Working as a nurse can really take a toll on your body. While many nurses work either all day work or all night work, there are others who work both day and night shifts, and that can be really tough.
We asked some experts for tips on how to make the switch and keep yourself healthy while working swing shifts.
Carrie Silvers, RN, MSN, a professor of nursing at the University of Arizona gave these tips:
On switching days to nights: Stay up later the night before you switch, and sleep in as late as possible. I used to find it hard to nap during the day, anticipating my shift. Schedule early family dinners and bath times for the kids on work nights.
On switching nights to days: A couple of ways I switched included not going to bed right away when I got home in the morning. I was able to see my kids, and make them breakfast. I’d sleep a shorter period of time so that I could go to bed that night and get a good night’s sleep. This also allowed me to be awake when they got home from school, help with homework, dinner, sports, and bedtime stories.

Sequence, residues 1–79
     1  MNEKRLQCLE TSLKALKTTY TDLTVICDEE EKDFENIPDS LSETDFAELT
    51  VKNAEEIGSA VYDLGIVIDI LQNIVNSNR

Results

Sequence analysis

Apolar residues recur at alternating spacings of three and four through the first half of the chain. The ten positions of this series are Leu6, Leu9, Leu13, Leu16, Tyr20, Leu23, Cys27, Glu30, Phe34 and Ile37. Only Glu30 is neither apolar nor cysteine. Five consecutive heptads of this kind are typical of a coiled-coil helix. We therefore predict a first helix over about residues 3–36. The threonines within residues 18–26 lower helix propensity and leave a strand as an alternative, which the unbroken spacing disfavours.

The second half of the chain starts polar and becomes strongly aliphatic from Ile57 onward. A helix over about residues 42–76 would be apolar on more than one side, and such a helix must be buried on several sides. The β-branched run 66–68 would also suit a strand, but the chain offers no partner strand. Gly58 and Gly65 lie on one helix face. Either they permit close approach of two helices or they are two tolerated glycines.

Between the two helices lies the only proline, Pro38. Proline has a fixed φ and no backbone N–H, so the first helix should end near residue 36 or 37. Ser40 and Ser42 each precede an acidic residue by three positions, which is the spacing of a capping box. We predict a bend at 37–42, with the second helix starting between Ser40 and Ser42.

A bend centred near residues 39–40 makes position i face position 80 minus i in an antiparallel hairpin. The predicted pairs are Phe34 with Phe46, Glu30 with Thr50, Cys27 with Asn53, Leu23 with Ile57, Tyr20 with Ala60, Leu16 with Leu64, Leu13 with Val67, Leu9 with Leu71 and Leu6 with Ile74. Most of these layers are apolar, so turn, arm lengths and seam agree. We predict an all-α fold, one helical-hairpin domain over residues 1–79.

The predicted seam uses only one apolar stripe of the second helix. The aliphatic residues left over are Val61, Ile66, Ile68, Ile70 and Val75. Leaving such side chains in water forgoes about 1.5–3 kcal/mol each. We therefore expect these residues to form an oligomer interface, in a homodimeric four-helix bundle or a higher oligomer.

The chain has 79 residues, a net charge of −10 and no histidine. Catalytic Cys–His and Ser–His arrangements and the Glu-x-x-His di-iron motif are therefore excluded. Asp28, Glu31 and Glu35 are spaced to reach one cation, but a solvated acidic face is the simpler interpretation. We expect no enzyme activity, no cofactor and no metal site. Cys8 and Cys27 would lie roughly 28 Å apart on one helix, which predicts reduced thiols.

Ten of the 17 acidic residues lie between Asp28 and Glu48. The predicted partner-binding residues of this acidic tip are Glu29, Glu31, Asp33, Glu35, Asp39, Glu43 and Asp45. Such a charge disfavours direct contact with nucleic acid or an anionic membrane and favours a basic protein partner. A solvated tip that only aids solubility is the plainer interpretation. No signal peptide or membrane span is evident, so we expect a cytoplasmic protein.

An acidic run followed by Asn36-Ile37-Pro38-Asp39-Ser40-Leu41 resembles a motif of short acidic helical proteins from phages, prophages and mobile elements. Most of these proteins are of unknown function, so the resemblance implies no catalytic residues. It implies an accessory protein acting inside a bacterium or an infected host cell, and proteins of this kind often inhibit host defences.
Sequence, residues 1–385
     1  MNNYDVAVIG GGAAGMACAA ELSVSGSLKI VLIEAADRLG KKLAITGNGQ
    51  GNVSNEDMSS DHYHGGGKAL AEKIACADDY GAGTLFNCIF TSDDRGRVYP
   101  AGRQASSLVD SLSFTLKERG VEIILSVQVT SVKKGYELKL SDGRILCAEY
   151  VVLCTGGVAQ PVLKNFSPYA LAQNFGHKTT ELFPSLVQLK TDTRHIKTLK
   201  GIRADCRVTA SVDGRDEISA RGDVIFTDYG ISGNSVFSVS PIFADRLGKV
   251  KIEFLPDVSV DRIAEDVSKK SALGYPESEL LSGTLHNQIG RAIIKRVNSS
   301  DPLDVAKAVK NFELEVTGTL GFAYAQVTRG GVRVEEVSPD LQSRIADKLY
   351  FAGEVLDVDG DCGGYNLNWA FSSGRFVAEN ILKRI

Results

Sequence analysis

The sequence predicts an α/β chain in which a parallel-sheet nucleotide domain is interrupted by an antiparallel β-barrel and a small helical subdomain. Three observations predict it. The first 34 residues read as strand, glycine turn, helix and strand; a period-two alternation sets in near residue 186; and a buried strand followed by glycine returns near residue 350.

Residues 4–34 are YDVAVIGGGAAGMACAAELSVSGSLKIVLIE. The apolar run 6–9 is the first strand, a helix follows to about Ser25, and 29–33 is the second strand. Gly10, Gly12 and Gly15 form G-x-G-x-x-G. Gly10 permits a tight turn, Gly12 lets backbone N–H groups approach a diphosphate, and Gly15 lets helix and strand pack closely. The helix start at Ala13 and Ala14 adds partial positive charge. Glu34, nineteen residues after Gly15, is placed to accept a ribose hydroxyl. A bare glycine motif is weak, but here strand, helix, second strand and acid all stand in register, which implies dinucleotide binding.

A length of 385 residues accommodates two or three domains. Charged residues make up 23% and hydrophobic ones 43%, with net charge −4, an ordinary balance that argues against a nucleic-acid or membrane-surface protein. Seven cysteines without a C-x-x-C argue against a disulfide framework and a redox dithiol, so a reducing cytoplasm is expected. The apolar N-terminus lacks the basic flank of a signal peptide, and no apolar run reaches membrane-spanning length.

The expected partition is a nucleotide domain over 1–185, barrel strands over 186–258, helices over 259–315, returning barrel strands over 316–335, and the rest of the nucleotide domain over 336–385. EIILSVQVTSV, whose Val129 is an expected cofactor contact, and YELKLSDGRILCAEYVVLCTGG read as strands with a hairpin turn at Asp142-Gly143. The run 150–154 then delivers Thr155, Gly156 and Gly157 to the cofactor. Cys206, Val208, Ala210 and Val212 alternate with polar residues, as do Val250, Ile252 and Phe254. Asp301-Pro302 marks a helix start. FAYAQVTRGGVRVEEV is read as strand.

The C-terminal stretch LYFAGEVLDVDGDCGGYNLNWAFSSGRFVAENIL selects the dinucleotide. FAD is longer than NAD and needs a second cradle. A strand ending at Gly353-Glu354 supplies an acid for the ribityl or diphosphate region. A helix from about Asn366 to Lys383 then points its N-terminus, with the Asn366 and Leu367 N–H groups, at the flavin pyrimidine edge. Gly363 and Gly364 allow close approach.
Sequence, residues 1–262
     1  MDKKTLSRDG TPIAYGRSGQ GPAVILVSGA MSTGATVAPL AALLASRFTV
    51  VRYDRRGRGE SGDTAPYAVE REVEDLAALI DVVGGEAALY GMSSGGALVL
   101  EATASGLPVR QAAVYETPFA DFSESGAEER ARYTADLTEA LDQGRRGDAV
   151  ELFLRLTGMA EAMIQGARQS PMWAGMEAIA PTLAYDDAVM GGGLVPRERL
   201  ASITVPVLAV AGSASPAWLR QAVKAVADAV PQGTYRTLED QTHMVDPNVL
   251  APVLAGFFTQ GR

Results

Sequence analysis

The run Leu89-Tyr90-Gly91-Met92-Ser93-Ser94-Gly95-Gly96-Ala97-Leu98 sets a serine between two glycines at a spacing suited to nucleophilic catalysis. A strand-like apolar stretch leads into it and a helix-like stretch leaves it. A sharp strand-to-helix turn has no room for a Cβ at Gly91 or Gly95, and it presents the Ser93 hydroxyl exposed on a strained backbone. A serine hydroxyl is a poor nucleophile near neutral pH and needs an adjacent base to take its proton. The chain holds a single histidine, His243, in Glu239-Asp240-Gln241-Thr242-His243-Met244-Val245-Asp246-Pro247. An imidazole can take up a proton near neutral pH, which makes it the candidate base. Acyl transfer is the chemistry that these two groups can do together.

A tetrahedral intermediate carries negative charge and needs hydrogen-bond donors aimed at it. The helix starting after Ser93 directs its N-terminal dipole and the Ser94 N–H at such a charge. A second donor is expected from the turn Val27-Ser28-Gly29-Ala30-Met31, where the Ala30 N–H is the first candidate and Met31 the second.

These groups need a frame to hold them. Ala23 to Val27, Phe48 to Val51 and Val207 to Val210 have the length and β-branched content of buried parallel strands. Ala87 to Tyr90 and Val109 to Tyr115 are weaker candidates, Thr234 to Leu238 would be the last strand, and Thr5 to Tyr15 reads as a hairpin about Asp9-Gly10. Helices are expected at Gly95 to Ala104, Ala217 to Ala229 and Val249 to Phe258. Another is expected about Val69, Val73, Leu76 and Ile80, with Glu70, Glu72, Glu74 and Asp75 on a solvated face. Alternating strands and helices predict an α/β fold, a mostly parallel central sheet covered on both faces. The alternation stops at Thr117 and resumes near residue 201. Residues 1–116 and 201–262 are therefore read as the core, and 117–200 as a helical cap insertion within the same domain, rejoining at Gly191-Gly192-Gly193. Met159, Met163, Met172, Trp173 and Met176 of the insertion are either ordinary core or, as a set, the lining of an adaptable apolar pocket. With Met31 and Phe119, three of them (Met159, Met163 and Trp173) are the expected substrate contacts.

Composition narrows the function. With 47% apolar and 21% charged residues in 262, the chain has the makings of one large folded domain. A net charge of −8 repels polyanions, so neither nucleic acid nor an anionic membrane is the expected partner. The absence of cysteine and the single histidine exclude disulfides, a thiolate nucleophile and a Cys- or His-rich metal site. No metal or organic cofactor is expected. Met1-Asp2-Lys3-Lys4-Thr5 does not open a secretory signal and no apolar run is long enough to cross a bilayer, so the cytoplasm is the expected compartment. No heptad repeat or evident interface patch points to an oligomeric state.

On eating healthy: Eat a balanced and healthy diet full of fresh fruit and vegetables with an increase in lean protein intake. Increasing protein will help with stamina and staying awake. Pack healthy snacks and a meal to take to work. Avoid high fat and fried foods while at work. Limit caffeine intake to early in your shift, and to only a couple of servings. Working during the day I would avoid caffeinated beverages after noon, and on night shift after midnight.
On exercise: I used to exercise before work because it helped me to wake up and get my blood circulating. Even a walk or 30-minute exercise videos work.
On staying hydrated: Drink a lot of water. At least 8 glasses/shift. You’ll feel hydrated, less tired, and your body will thank you.